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Dentist Accused of Poisoning Wife Allegedly Googled "How to Make Murder Look Like a Heart Attack"
James Craig, charged with his wife's murder, allegedly searched the internet for topics including, “Is arsenic detectable in autopsy?” and “How many grams of pure arsenic will kill a human?”
Colorado dentist James Craig, who's accused of fatally poisoning his wife after beginning an affair with another woman, conducted online searches with questions like “is arsenic detectable in an autopsy?” and “how to make murder look like a heart attack,” police said.
Days after the searches, Craig’s wife, Angela Craig, googled symptoms she was having, seeking medical help. “This is a person who is tragically being slowly poisoned by her husband,” district attorney John Kellner said at a Wednesday court hearing, according to the Associated Press.
Police allege that Craig, 45, poisoned his wife’s protein shakes with potassium cyanide, though his attorneys claim that there is no direct evidence against the dentist and have accused the lead detective of holding biases against him. A judge ultimately ruled that there was enough evidence to proceed with a trial.
Angela, 43, died March 18 after being taken off life support on her third trip to the hospital, the AP reported. Toxicology results determined she had been poisoned with cyanide and tetrahydrozoline, a substance found in over-the-counter eye drops, Arapahoe County coroner Kelly Lear testified during the hearing.
The Aurora Police Department arrested Craig in March for allegedly dosing his wife, the mother of his six children, with poison between March 6 and March 15. He was charged with first-degree murder.
According to an arrest affidavit, Craig searched the internet for topics like “Is arsenic detectable in autopsy?,” “The top 10 deadliest plants,” and “How many grams of pure arsenic will kill a human?”
Police became suspicious of Craig after his co-workers alerted authorities that he had ordered potassium cyanide, even though they did not use it on the job.
On March 6, a week before the parcel showed up at the dental practice, Angela was hospitalized after she became dizzy and faint. According to the affidavit, she texted Craig: “I feel drugged.”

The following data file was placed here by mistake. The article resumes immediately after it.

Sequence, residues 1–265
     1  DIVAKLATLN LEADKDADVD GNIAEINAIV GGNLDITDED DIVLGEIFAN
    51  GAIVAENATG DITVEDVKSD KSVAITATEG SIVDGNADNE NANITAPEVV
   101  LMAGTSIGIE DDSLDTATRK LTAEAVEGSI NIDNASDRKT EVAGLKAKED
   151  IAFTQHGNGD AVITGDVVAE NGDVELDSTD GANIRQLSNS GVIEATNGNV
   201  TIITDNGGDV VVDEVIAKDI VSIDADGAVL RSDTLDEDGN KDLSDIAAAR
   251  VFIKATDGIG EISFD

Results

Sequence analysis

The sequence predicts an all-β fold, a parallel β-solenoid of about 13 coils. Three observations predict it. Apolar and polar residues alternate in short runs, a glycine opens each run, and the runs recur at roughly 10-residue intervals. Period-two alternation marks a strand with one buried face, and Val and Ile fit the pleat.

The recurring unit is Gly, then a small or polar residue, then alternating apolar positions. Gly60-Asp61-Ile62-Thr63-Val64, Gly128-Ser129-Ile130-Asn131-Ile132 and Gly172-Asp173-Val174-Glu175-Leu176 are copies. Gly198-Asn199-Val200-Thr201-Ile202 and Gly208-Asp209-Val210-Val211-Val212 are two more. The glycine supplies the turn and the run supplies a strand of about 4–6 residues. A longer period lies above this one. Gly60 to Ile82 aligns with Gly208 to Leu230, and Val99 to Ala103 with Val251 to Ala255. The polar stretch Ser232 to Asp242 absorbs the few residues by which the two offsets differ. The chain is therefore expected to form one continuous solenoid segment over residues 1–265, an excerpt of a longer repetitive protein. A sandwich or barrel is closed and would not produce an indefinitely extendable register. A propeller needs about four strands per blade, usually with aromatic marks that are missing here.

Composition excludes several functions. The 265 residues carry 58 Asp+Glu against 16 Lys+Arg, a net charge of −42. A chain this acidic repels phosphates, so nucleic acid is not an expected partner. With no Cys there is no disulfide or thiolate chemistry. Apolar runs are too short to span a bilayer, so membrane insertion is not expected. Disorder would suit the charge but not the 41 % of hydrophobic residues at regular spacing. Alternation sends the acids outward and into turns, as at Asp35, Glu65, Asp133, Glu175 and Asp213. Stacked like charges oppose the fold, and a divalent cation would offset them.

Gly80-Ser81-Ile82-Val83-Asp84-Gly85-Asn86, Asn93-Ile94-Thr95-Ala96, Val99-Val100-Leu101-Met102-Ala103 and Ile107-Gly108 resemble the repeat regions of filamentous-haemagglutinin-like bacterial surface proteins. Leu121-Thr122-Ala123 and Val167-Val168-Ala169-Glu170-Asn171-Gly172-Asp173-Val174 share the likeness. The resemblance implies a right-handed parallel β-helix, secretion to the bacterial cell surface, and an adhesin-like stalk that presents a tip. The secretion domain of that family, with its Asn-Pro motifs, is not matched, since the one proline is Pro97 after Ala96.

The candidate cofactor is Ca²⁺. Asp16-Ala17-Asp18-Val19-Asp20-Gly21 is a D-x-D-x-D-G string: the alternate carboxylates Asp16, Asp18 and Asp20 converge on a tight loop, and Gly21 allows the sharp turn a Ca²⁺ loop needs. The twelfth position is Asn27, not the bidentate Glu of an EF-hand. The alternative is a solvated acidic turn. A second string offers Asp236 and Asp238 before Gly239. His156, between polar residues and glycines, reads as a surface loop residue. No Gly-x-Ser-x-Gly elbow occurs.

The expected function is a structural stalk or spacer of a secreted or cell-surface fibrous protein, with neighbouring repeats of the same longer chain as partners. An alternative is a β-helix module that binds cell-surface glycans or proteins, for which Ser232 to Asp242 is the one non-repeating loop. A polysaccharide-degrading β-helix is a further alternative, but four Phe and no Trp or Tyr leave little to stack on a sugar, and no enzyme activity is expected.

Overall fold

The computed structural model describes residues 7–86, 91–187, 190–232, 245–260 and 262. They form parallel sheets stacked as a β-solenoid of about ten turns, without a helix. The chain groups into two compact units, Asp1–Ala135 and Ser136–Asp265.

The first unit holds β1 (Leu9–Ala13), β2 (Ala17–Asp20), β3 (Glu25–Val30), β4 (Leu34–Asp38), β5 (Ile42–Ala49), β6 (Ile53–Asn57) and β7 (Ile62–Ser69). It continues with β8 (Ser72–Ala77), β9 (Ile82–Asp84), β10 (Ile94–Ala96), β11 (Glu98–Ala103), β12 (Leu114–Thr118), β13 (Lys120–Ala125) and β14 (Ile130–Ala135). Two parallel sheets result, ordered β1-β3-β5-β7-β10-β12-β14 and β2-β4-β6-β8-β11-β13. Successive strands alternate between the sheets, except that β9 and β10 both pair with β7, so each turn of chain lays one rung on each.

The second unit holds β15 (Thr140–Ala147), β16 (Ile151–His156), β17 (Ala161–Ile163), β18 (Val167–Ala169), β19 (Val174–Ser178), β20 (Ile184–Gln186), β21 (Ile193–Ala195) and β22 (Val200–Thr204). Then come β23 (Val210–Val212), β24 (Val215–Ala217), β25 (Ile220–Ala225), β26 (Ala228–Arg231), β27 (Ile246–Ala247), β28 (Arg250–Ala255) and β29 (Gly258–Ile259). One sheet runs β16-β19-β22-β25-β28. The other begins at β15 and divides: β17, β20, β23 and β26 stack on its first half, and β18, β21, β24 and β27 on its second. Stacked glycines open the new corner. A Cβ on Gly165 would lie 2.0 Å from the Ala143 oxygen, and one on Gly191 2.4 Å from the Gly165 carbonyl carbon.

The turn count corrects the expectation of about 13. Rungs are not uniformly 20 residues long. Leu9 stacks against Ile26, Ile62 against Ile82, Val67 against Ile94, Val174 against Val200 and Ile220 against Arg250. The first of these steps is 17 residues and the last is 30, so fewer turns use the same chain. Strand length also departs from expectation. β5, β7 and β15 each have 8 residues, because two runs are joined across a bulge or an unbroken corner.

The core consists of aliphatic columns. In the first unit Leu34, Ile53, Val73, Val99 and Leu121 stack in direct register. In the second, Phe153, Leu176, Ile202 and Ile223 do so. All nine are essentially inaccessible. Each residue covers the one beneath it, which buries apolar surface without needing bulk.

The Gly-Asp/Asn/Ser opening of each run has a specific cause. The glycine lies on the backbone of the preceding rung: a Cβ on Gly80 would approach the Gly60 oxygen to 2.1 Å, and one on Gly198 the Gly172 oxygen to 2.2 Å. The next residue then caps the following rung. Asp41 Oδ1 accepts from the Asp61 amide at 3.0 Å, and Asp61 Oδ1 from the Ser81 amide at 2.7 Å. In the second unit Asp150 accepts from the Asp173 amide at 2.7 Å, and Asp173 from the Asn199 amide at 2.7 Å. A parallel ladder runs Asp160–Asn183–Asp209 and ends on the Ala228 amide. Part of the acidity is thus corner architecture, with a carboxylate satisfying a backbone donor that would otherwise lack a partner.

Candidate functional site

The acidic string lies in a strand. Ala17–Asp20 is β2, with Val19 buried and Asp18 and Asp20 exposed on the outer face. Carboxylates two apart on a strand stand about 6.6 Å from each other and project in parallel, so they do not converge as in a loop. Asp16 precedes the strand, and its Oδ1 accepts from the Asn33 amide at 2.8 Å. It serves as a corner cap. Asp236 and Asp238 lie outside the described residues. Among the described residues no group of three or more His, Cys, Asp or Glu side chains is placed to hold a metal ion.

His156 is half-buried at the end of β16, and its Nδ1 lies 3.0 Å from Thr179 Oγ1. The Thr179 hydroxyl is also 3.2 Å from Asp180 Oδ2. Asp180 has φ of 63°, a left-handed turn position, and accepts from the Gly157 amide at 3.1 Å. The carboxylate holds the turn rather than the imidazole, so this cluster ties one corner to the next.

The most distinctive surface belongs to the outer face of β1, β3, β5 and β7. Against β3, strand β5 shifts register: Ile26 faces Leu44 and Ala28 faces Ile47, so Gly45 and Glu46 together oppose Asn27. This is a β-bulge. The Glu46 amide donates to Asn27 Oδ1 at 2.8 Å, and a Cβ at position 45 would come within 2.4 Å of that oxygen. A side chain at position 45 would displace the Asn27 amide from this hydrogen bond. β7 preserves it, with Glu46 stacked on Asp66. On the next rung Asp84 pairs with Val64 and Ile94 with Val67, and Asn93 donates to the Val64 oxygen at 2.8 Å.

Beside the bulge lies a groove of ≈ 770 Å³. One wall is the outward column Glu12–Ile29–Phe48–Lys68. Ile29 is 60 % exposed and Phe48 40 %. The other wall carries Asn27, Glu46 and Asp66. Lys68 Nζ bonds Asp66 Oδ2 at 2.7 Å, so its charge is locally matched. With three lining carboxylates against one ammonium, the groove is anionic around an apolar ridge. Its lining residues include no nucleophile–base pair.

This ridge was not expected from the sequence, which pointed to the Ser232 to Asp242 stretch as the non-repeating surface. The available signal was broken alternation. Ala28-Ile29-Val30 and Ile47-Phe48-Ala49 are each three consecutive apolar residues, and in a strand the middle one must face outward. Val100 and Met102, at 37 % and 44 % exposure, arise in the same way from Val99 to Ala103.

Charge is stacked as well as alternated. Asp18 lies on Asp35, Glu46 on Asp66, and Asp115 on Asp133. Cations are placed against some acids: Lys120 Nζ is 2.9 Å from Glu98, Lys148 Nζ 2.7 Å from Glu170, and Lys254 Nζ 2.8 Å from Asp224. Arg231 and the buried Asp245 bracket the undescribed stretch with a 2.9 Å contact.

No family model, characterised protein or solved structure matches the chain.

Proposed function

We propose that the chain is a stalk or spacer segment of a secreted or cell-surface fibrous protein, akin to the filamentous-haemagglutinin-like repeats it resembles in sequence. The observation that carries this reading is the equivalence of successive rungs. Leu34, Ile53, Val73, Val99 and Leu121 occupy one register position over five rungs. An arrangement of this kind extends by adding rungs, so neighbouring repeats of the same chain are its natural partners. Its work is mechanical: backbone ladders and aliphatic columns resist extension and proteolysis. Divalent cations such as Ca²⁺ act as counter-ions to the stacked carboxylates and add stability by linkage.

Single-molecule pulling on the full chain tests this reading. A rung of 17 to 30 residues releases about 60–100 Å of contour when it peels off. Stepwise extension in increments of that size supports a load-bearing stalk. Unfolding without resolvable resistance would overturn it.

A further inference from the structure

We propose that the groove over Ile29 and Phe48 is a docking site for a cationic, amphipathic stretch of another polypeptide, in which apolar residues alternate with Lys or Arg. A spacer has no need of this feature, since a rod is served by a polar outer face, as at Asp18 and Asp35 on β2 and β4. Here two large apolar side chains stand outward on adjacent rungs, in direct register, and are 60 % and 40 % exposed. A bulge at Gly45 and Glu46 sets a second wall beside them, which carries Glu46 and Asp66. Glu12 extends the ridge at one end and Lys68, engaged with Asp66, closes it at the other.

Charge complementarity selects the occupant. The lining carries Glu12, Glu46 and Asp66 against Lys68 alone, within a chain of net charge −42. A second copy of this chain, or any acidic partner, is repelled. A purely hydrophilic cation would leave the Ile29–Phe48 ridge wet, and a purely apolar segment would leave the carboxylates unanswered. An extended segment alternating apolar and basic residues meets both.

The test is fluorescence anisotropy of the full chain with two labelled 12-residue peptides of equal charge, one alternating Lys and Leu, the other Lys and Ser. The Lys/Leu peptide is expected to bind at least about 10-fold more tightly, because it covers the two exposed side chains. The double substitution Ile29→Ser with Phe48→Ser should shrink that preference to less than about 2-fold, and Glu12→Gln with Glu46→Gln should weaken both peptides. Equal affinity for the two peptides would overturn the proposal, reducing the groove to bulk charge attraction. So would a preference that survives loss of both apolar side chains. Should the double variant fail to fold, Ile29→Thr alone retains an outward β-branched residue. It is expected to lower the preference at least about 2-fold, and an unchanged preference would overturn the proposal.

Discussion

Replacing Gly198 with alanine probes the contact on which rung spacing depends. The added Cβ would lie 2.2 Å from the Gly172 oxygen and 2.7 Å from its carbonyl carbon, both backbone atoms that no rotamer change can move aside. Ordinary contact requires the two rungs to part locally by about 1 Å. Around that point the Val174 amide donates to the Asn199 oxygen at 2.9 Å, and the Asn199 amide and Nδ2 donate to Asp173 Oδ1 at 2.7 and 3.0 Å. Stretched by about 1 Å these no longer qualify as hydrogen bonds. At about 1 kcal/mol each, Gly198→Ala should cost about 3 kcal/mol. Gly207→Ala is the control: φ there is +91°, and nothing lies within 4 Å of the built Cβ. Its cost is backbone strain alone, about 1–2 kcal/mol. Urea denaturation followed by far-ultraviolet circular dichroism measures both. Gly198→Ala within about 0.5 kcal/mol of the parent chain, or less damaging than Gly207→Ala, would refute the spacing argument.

Craig replied: “Given our history I know that must be triggering. Just for the record, I didn’t drug you. I’m super worried though.”
According to the affidavit, this was not the first time he allegedly poisoned his wife.
A source close to the victim allegedly told authorities that Craig had "drugged her [Angela] (with an unknown drug) because he had planned to go into their bathroom and give himself a lethal injection of something and commit suicide," the redacted affidavit read. "James told Angela he drugged her so she wouldn't find him, nor be able to save him, which would give the lethal drugs time to kill him."
While Angela suffered in the hospital from symptoms that puzzled doctors, her husband was allegedly having an affair with Texas orthodontist Karin Cain.
Cain spoke with ABC News in an interview that aired Tuesday, saying in a sit-down interview that she was unaware of Craig’s marital status at the time.
"If I had known what was true, I would not have been with this person," Cain said. "I didn't willingly have a relationship with somebody who was in a marriage."
Cain said she met Craig at a dentist conference in February. She said she was in the process of divorcing her husband, which is also what Craig told her was happening between him and his wife.
"He told me... they hadn't been living together. He had an apartment," she said.
While authorities allege Craig was planning to start a new life with the woman, Cain said that they had never planned a future together. “There’s no way I’m motive,” she said. “It wasn’t until the media started reporting on it did I realize the timeline was so tight."
Cain expressed empathy for Angela's family, saying, "I can't even imagine the loss of a family member and then to consider that it could be at the hands of someone that had been in the family for 25 years."